Sunday, April 19, 2009

"The Power of Two"

After my mother's craniotomy for a subdural hematoma several years ago, she made rapid progress and was transferred to the rehab unit. Unfortunately, shortly after playing several hands of bridge with visiting friends, she developed a fever and chills and was diagnosed with c. diff sepsis.

The hospitalist came right over, started IV fluids and antibiotics, and breezed on out. My friend Brenda, the unit's only RN, and I looked at one another.

"Are you okay with her staying here?" I asked.

"It's just me and 20 patients," she replied. "I don't think I have time to give her the care that she'll need."

Fortunately, I caught up with the doctor, and he agreed to transfer Mom to the ICU. A good thing too as bacterial sepsis is not a rehab floor matter. I wondered what would've happened if I hadn't been there at the time. And I wondered that again several days later when the specialist missed the fact that Mom was going in and out of atrial fibrillation on the ICU monitor. And I marveled how anyone survives a hospitalization without an advocate on hand.

We are fortunate, therefore, that Brian and Gerri Monaghan have written a moving account of their own journey through life-threatening illness and advocacy, "The Power of Two". Not only is this book a compelling, entertaining, and (at times) tear-jerking account of love and loyalty in sickness and in health, it is a step-by-step, tip-by-tip, how-to manual for all of us who will face a serious illness or care for someone in that situation. And, through my life roles as doctor, wife, daughter, mother, and friend, I can tell you that will absolutely be all of us.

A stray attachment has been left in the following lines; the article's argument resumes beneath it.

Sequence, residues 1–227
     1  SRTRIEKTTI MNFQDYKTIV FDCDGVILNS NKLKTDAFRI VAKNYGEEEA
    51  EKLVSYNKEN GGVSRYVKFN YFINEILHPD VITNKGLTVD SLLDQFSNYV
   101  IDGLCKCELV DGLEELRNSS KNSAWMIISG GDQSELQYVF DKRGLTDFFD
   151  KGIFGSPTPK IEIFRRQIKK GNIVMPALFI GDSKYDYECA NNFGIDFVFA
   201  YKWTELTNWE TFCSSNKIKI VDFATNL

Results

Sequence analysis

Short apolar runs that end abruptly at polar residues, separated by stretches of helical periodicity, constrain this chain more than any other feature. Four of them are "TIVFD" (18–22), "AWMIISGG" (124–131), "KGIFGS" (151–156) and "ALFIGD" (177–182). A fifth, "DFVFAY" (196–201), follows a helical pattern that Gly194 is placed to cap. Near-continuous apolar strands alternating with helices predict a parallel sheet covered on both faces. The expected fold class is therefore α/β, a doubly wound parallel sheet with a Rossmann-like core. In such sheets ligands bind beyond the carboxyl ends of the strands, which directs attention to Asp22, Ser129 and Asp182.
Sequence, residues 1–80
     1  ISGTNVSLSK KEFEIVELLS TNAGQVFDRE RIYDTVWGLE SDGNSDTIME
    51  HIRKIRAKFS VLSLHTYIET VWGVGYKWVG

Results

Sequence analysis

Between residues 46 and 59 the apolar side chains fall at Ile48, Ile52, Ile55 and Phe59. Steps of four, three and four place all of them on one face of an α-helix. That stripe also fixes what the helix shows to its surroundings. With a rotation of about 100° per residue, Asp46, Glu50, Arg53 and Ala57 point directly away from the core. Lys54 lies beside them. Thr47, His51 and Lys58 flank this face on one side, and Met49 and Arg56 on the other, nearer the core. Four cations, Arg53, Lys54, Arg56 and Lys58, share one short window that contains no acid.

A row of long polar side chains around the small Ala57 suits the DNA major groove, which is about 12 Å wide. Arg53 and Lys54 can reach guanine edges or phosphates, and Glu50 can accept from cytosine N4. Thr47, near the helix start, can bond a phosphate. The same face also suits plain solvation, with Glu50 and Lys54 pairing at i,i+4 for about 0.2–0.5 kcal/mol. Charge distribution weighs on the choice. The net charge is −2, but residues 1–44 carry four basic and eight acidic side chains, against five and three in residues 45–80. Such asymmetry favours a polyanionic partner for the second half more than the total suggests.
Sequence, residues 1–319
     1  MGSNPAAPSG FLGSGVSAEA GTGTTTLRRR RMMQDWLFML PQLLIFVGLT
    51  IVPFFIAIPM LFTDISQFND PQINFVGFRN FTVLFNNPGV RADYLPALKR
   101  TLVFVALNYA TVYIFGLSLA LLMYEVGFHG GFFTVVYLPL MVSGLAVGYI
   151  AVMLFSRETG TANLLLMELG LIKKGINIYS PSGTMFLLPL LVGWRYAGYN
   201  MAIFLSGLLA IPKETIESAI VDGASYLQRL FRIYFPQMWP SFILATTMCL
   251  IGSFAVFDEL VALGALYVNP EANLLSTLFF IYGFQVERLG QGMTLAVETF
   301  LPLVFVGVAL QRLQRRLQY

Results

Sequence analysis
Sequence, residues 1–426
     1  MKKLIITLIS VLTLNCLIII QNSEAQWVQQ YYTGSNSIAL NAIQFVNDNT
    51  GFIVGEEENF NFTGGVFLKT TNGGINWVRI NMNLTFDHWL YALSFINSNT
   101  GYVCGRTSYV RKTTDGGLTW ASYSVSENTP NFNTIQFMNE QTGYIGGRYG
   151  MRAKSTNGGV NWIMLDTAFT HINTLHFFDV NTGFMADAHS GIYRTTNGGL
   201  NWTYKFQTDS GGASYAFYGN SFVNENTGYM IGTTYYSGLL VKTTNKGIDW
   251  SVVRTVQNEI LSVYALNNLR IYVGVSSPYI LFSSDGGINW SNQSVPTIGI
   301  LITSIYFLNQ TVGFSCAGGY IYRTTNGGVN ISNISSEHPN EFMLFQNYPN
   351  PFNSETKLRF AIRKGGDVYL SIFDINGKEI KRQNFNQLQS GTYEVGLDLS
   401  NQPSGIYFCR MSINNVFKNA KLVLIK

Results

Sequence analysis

I'd like to say that I'm going to keep this book on my shelf for my next advocacy adventure, but I plan to give it away to a friend who was diagnosed last week with cancer. With the Monaghans on their team, and this guidebook in hand, she and her family will be able to stand up and advocate for what they need.


KGMom said...

Title of the book you reference is a clever play on The Power of One (a recent blog subject for me).
I agree that people need advocates in the hospital. I don't have clinical training, but have been around health professionals for a good part of my career. My mother's 6 week hospital stay, much of it in the ICU, was an education for me. Sadly, it ended with her death.

Haralee said...

Having been a pharmaceutical sales rep for over 20 years in the same city when I was diagnosed with breast cancer, I often asked to friends and family, what does the average person do? The language can be less than common. The hospital I went through now has cancer advocates, but the day in day out illness, advocacy is really needed. I look forward to reading the book. Thanks for the reco

JeanMac said...

I, too, will get the book.Thanks.